A Funny Thing Happened When A Parent Took His Three-Year-Old Son To See Top Cat: The Movie
It isn’t like I hadn’t been warned. Few films this year have scored such universal loathing as Top Cat: The Movie, with 1* reviews across the board and esteemed critics like the Guardian’s Peter Bradshaw reduced to rewriting the lyrics of the classic theme tune in lieu of actually having to explain the damn thing. Normally, I wouldn’t touch such a poorly received movie with a bargepole.
But, sometimes, reality intervenes. On holiday, in the rain, with a restless three-year-old son, and having exhausted all possible activities that didn’t involve standing around getting drenched, I found myself taking the family to the local cinema – and lo and behold, in a half-term week, the only film available was Top Cat: The Movie. The UK distribution system is clearly at fault here in providing no wriggle room, with Snow White And The Huntsman and Men In Black 3 both being too scary for younger tastes. Yes, it was Jubilee week, and logically there shouldn’t be any need to risk poor box office by saturating a market expected to be slim pickings. Then again, this is Britain, and it was bound to rain.
Anyway, without any viable options, here we were. And then something weird happened. By any objective standards, Top Cat: The Movie is a disaster – but try watching it under the psychological cocktail of vacational bliss and parental stress. It’s amazing how a bad movie takes on new forms even while you’re watching it.
First, though, the bad news. This bears so little relation to the classic Hanna-Barbera show, about a Bilko-like spiv running rings around Officer Dibble in the pursuit of a quick buck, that TC more likely translates as Tropical Cyclone (as in: “a storm’s coming, get the hell out!”). The original Top Cat was very much a traditional, post-war, radio-influenced character sitcom, so a feature film is the last place you’d want to see its modest ambitions exposed. So it proves, with TC’s lifestyle interrupted by a ridiculous plot about a grotesque shyster who takes over the police force with robots and CCT. There’s a time and a place for a satire on civil liberties (especially with the Olympics on our doorstep) but Top Cat isn’t it.
Even bearing in mind that Hanna-Barbera were pioneers of cheap, mass-produced cel animation, the visual style of the film is crass and ugly, with flatly rendered characters dumped onto dimly lit, immovable backdrops. [I’ve since heard a rumour that the film was made using Flash animation, which would explain a lot.] Sure, it’d be even less appropriate for Top Cat to suddenly develop the subtlety and sophistication of Pixar-quality animation, but this feels like a homage undone by ham-fisted application: retro gone wrong. The best bits, chiefly the character design of TC and his crew, are Xeroxed from the 1960s originals, and they jar horribly with the new elements.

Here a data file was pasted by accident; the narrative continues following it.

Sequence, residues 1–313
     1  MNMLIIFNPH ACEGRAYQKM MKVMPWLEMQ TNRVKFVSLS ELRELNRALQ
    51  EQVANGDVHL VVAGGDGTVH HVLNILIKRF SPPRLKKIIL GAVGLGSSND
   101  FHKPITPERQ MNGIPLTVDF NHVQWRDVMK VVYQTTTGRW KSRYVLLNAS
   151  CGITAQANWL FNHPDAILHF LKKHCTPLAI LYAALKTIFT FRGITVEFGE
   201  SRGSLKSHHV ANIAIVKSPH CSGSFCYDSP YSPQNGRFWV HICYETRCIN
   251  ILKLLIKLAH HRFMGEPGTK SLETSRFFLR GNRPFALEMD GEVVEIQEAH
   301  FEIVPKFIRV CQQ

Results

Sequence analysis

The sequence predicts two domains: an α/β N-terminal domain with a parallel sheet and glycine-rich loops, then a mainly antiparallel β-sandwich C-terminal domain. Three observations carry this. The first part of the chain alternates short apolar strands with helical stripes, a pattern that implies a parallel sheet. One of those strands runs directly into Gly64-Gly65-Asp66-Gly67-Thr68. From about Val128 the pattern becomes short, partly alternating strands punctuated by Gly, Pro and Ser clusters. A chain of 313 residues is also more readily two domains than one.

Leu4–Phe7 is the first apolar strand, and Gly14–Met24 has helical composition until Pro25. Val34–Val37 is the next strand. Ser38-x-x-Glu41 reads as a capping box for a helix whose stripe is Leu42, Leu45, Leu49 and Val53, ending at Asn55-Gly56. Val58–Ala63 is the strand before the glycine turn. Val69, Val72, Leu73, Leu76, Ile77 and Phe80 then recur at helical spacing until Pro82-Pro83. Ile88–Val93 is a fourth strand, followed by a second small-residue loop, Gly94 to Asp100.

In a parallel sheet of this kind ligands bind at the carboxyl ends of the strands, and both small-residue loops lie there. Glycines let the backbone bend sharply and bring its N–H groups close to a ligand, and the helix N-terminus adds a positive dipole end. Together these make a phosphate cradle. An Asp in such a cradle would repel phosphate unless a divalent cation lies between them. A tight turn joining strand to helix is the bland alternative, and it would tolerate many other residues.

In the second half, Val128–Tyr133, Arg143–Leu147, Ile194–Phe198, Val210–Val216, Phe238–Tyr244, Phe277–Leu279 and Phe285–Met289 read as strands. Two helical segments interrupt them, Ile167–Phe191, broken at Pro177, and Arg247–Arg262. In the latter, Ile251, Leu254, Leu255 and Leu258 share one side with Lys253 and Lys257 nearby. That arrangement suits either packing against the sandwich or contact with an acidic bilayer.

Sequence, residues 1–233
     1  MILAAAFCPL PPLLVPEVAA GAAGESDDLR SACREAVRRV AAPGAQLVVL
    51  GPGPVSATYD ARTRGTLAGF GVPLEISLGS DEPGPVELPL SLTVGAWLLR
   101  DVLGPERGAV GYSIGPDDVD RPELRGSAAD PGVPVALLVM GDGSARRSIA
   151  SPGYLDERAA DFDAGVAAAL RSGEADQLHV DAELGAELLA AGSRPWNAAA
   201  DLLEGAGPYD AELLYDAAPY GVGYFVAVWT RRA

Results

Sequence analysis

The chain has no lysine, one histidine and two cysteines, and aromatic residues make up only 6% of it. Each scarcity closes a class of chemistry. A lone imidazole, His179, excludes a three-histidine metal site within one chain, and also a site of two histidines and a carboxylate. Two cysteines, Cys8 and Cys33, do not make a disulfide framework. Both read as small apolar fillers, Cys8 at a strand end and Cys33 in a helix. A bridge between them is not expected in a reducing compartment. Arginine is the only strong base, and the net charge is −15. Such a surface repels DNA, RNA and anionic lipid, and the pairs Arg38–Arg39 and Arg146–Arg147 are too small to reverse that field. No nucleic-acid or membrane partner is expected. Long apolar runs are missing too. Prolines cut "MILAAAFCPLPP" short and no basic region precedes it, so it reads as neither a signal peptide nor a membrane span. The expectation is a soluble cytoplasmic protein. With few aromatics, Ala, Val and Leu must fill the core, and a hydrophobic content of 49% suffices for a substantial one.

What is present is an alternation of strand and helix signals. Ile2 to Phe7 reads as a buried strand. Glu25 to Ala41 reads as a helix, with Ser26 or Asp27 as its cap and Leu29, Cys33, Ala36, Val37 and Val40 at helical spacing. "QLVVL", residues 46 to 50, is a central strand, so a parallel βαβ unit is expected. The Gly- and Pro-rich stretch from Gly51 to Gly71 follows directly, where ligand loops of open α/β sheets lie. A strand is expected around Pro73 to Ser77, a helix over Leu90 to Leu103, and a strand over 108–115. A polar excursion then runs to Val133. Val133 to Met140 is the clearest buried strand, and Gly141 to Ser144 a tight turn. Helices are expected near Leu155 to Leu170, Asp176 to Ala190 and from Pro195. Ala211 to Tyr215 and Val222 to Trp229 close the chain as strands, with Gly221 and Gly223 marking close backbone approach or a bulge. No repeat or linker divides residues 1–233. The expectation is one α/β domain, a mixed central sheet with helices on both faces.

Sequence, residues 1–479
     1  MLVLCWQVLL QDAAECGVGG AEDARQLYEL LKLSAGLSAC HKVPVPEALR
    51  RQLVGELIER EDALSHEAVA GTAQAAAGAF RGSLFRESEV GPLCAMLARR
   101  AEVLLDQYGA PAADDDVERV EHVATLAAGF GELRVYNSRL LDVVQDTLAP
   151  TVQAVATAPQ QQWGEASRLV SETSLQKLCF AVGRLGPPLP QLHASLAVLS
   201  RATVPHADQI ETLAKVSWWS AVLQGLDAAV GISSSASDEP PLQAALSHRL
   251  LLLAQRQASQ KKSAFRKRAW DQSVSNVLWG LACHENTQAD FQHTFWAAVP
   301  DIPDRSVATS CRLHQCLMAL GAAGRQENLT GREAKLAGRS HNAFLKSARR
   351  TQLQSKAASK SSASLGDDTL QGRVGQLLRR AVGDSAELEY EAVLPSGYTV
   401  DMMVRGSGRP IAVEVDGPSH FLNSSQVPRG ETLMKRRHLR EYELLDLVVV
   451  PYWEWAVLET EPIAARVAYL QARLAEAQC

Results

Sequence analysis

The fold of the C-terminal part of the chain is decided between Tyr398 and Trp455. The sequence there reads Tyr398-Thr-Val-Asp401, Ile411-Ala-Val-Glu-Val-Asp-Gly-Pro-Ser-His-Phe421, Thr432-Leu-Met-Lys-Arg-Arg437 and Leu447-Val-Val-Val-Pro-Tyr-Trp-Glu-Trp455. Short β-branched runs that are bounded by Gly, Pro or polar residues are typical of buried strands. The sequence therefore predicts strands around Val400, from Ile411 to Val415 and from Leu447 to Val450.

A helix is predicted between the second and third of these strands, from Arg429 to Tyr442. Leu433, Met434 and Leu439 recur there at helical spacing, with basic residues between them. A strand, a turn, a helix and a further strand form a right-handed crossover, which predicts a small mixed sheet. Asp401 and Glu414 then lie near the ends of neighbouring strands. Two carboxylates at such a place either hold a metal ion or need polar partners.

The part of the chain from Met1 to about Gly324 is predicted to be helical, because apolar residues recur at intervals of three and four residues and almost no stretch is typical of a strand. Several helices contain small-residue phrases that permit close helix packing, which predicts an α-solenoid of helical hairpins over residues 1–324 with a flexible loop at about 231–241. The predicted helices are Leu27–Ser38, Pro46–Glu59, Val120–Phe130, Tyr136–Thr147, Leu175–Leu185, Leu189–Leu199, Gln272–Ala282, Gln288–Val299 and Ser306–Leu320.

Tragically, though, the fact that there are at least a few traces of the Hanna-Barbera house style means that the visuals trump the terrible soundtrack. The English dub asks one actor – Jason Harris – to bring TC and most of his crew to life, and he’s not up to the task of replicating original star Arnold Stang. Another of the cats is given a Keanu-esque surf dude voice simply to differentiate him from the others, which inadvertently gives the impression that this project has been stuck in development hell since the early 1990s when that kind of stereotype was last in fashion. Who knows? Maybe it was.
And yet, about halfway through, I noticed how often I was bamboozled by the film’s surreal, unpredictable narrative. This film might been written with scant regard to the original but there does seem to be a strange kind of authorship to proceedings – a free-for-all, non-sequitur surrealism in which horses can be summoned as a taxi service by ringing a bell, or Top Cat can be sent to ‘Dog Jail.’ Jokes fall flat more often than not; a gag about Windows Vista makes such little sense it functions as a self-reflexive Brechtian study of the flaws in trying to make topical cultural references in a kids’ film. Yet, when an anticipated dissolve is subverted into 30 seconds of black screen as the action is interrupted by a hitherto-unannounced solar eclipse, there’s clearly some kind of comic intelligence, however wayward, controlling this.
The sheer randomness of the WTF-ery allows you to pretend that the film is some dodgy, drugged-up lovechild of Luis Bunuel and Monty Python. This won’t wash with the critics, but you get a radically different perspective when you’re a stressed-out parent at the end of a long week, just praying that his son can be kept entertained for an hour and a half. Fortunately, he was. He liked the film enough to draw this picture of Top Cat and Benny.
One thing, though. Shouldn’t the UK release be called Boss Cat: The Movie?